An east Texas power utility will be the first small water utility service in Texas to use ozone technology for drinking water treatment. The BiOzone Corp., an ozone water treatment engineering firm based in Denver, has been contracted to design and build a process train for disinfecting up to 36,000 gal of drinking water per day.
According to Guenter Moldzio, CEO of BiOzone Corp., the ozone-treated water will be a safer alternative to water treated with chlorine only.
“The system is designed to produce drinking water with significantly less chlorination disinfection byproducts, such as THM and haloacetic acids,” Moldzio said.
In the fall of 2000, the power utility contacted BiOzone to look for alternative treatment technology to produce drinking water from surface-water sources. The traditional method of disinfection, using sodium hypochlorite and retaining the chlorinated water in a tank, would sometimes produce chlorination byproducts called trihalomethanes (THM) in excess of the acceptable limit dictated by the Texas Commission on Environmental Quality (TCEQ).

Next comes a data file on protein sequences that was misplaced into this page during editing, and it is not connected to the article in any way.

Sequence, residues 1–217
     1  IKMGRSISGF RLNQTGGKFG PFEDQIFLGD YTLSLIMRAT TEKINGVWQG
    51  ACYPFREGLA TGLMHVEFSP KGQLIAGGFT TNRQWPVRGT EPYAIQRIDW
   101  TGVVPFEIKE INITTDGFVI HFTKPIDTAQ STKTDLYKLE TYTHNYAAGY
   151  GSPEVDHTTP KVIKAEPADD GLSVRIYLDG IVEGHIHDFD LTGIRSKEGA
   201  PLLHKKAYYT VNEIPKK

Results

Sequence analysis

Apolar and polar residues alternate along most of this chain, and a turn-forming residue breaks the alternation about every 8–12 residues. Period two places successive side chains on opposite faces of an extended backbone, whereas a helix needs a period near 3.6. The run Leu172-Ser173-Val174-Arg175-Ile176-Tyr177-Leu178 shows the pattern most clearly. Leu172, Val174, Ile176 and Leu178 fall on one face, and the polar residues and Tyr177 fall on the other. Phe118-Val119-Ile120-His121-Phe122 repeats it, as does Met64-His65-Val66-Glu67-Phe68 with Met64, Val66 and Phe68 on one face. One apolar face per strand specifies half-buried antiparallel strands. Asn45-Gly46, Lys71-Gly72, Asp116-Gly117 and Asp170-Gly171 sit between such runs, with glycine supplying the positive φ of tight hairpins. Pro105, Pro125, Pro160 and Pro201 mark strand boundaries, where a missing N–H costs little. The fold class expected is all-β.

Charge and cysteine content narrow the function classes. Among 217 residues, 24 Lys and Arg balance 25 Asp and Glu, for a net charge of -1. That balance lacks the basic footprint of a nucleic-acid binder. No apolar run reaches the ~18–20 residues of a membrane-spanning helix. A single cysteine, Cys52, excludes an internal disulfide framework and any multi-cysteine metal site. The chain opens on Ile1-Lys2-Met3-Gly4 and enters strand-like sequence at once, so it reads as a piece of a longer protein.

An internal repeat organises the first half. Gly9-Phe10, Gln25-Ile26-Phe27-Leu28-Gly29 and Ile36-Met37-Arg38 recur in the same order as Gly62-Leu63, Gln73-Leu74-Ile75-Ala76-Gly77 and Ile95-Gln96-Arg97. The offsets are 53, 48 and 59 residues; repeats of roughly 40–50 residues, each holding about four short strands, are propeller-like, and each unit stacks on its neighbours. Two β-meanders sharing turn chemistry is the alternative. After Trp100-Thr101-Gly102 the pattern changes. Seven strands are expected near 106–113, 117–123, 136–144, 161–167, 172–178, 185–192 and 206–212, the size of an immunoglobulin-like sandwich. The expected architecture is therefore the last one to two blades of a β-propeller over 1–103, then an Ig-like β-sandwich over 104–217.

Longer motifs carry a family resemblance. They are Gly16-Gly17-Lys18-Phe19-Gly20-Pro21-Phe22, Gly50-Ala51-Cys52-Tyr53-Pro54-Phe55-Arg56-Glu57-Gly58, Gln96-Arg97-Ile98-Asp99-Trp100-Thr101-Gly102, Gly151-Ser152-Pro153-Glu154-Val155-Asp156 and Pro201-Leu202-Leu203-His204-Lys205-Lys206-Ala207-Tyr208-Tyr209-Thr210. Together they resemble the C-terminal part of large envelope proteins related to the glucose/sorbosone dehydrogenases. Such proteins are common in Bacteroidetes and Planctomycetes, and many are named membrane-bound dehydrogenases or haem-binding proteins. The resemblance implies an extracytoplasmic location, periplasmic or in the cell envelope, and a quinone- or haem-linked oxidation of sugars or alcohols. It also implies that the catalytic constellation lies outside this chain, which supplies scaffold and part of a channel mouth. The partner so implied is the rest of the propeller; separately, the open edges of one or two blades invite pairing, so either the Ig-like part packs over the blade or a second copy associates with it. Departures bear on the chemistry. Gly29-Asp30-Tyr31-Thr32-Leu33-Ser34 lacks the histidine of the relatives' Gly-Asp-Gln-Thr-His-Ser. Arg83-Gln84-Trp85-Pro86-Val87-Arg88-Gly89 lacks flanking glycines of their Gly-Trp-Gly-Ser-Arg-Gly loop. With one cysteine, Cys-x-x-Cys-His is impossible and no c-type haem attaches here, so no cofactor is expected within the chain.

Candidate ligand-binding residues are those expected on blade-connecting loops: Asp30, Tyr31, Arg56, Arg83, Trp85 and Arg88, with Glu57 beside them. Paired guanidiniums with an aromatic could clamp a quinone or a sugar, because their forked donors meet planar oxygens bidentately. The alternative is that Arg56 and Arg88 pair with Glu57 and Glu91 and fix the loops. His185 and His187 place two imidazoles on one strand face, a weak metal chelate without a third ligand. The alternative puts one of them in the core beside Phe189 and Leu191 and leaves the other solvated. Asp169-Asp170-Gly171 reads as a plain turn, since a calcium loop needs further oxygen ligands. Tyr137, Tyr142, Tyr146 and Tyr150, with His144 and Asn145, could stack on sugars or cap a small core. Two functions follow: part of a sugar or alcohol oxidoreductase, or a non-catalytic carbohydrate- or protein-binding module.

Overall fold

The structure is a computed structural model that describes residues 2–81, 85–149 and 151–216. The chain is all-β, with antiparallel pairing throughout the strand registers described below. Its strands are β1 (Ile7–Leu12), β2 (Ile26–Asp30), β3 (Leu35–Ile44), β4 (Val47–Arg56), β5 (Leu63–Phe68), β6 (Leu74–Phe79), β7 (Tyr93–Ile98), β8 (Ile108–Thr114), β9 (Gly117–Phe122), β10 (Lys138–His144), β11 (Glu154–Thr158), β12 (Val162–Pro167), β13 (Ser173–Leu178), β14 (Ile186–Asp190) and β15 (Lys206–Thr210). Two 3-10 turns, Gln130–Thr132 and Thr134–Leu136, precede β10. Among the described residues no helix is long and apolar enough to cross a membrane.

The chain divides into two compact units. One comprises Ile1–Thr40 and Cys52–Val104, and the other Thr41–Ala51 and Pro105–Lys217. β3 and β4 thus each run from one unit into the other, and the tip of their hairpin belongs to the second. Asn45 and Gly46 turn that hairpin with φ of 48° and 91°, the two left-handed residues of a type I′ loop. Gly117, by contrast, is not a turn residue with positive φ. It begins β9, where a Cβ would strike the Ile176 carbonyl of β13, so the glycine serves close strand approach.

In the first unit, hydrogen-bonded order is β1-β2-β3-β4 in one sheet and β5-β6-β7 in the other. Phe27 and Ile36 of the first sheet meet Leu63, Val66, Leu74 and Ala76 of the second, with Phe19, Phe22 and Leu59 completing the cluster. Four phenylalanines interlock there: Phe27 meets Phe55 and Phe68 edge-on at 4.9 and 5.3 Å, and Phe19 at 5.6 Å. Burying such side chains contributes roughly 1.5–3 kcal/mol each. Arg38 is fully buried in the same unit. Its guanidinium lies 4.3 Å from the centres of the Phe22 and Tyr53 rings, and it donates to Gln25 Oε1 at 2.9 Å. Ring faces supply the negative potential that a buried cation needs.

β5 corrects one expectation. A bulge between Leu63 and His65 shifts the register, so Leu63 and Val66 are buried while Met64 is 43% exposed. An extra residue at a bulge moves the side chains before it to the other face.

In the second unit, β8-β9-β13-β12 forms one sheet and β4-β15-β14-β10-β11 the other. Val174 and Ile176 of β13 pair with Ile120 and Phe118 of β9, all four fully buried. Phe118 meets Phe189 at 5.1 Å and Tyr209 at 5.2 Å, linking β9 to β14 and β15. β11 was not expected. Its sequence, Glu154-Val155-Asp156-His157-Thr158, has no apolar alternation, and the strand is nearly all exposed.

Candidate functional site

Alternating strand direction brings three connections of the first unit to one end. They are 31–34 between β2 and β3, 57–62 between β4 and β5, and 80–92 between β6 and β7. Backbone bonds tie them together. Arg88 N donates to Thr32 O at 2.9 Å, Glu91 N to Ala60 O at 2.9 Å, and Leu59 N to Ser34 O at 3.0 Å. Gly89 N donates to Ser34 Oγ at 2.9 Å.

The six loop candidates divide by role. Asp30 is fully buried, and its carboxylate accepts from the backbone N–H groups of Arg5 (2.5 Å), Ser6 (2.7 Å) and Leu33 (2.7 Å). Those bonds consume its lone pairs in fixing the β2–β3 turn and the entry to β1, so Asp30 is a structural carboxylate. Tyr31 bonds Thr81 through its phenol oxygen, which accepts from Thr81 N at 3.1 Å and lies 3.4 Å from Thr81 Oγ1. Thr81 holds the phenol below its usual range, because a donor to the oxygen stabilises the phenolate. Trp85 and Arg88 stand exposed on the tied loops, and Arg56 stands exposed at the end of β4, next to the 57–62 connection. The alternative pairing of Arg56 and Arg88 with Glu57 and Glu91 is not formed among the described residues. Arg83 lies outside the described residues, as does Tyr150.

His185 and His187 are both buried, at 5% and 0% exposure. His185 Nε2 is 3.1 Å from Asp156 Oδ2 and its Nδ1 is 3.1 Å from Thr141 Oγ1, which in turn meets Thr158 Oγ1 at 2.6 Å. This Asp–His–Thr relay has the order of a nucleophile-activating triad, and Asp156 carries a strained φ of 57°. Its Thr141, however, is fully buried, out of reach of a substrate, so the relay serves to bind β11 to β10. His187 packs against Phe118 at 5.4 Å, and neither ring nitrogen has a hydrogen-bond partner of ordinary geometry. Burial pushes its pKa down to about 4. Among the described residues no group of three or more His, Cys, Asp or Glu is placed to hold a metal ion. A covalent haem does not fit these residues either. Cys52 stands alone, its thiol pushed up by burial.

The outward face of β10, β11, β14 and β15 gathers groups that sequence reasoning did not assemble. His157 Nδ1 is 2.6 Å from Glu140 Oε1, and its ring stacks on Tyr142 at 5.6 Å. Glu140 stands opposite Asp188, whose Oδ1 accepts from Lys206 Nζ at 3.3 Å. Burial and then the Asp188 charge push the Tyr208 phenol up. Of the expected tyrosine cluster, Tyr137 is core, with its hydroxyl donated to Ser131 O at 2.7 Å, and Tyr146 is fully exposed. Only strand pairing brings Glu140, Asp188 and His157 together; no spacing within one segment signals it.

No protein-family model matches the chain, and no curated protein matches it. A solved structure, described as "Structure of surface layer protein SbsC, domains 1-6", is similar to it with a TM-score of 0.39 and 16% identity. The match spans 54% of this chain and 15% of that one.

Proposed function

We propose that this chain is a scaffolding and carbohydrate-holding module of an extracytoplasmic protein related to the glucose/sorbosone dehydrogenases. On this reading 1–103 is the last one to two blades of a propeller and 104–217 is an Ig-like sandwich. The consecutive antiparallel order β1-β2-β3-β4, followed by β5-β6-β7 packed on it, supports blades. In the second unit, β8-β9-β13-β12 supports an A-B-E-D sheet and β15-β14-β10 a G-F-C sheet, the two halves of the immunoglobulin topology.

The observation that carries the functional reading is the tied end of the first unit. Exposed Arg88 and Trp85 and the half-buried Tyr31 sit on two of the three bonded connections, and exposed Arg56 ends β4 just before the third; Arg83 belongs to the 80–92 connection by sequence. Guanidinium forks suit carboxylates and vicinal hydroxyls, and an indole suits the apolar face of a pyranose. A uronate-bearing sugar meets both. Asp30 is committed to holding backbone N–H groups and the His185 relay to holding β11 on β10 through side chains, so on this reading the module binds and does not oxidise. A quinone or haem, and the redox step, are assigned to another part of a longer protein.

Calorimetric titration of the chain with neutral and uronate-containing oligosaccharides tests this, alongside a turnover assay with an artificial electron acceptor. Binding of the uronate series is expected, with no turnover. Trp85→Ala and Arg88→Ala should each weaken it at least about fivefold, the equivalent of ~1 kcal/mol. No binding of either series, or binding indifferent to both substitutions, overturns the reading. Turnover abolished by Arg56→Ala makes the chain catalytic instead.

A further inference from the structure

BiOzone offered a modified process train, which would call for ozone as the primary disinfectant, but also as an oxidizer to completely or partially oxidize organic compounds, which are precursors to the formation of THM.
According to Moldzio, THMs and HHA5s are known carcinogens. “It can be shown that the BiOzone process train nearly eliminates the occurrence of carcinogenic THMs and haloacetic acids,” he said.
Early in January 2006, the TCEQ granted permission to the utility to proceed with the construction of an ozone-based process train. This development was significant for BiOzone’s future business since 400 other Texas water utility systems have been cited for non-compliance since the middle of 2004.